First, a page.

Tuesday 21 December 2010

VAT man makes light of Flavin tube claim to art

Installation art from B&Q, taxable at the same VAT rate as Dan Flavin's works
Writing for The Guardian ("Call that art? No, Dan Flavin's work is just simple light fittings, say EU experts", 20 December 2010), Maev Kennedy reports on a ruling that will delight tax lawyers everywhere, though it may cast clouds of gloom over the art world.  She writes:
"...  When the lights were switched on at a Dan Flavin retrospective at the Hayward Gallery in London, critics were entranced. "Beautiful," Laura Cumming wrote in the Observer in 2006. "You wonder how it is possible that so much pleasure could emit from such a dismal source: the cold fluorescent tubes of strip lighting."  But the European commission has taken a less poetic view. Brussels has ruled that the work of the American artist, who died in 1996 after half a century of creating pioneering sculpture, should be classified for tax purposes as simple light fixtures. His work, they said, has "the characteristics of lighting fittings … and is therefore to be classified … as wall lighting fittings".

The ruling overturns an earlier UK customs tribunal verdict, and was denounced by one lawyer specialising in arts cases as "extraordinary".

This is no mere academic view. It means Flavin works imported by any museum or gallery from outside the EU are liable to full VAT, which rises to 20% on 1 January [er, not quite, says A&A: the taxman, who is on holiday till 3 January, says the new rate starts on 4 January]. As sculpture the pieces would be subject to only 5% VAT.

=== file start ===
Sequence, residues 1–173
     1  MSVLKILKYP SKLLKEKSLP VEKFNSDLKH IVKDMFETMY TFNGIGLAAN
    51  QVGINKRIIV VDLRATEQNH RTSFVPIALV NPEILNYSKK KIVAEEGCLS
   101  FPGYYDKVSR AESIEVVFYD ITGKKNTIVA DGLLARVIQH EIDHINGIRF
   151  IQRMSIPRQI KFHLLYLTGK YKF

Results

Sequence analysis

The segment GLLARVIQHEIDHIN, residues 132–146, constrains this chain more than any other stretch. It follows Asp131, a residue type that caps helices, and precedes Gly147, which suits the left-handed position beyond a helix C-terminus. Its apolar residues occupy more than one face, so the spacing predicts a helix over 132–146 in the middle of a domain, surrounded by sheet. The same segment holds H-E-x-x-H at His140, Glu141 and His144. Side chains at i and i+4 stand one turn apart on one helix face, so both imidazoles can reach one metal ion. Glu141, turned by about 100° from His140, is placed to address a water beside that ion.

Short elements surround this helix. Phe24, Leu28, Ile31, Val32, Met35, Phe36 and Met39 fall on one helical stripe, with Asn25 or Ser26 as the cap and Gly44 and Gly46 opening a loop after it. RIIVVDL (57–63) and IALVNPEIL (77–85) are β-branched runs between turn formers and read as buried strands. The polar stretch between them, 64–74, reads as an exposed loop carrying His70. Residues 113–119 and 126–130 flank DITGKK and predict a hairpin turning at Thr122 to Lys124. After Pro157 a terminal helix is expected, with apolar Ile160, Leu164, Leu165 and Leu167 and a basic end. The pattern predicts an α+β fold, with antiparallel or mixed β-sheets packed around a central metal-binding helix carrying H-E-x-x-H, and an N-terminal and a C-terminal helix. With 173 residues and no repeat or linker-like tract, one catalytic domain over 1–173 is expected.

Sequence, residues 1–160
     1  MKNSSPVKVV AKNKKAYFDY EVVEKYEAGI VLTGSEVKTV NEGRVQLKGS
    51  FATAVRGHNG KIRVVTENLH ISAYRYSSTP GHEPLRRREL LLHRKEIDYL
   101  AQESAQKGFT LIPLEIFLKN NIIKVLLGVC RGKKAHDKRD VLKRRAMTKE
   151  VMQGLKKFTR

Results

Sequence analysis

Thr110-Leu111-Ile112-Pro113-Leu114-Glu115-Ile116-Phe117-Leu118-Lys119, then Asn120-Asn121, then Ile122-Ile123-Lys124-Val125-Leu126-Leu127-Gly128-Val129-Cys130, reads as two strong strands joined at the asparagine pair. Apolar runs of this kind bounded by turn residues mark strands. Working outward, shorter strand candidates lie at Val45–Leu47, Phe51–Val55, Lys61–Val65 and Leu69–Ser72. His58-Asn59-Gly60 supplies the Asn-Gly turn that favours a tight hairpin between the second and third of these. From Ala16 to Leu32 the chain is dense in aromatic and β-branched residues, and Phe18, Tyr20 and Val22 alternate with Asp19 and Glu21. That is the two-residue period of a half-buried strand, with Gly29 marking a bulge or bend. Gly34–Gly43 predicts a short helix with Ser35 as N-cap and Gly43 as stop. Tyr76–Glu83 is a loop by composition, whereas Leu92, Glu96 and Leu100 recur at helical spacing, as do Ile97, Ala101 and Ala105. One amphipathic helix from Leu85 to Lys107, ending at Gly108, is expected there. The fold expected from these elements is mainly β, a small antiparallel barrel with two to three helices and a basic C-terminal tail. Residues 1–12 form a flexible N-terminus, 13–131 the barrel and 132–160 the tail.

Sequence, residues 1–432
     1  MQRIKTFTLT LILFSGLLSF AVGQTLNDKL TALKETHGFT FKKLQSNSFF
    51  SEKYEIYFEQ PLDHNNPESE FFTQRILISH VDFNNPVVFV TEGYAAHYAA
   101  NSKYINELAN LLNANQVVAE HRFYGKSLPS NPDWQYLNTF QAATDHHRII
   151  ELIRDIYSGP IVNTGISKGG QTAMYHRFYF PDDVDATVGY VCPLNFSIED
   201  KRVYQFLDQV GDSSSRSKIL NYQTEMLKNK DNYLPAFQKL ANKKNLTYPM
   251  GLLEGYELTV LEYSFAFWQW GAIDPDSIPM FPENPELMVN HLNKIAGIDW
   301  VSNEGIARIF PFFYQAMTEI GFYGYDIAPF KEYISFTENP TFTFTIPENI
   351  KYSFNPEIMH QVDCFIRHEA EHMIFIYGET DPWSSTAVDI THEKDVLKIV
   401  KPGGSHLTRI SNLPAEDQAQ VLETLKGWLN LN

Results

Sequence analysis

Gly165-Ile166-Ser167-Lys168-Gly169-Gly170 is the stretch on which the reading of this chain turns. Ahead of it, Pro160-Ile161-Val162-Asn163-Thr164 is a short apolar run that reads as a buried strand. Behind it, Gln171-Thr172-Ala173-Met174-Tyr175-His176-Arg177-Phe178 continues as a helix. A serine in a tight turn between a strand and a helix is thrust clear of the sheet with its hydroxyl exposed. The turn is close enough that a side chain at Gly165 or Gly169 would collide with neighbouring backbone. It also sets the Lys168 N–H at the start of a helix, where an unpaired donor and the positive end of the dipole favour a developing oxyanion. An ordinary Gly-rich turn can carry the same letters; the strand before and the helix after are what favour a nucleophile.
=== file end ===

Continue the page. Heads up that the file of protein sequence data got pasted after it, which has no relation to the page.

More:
The ruling also affects the work of Bill Viola, another American, who became the first living artist to have a major exhibition at the National Gallery in London, and whose video pieces, filmed in extreme slow motion, moved many viewers to tears.

Not the commission, which found: "It is not the installation that constitutes a 'work of art' but the result of the operations (the light effect) carried out by it."

St Paul's cathedral could be among the first victims of the ruling. It has commissioned two altar pieces from Viola, due to be unveiled next year, which could become dramatically more expensive [A&A doesn't think so: St Paul's Cathedral appears to be VAT-registered since it charges VAT on its guided tours.  This being so, it should just offset the extra VAT against the sum it is liable to pay anyway].

... Whether florescent tubes are ultimately ruled rubbish, hardware or the skeletons of magical art remains to be seen.  Meanwhile the ruling should be a great satisfaction to "Barney", one of the few dissenting voices over the Hayward's Dan Flavin exhibition, who posted on artistsandmakers.com: "It was like walking around the lighting department of B&Q".

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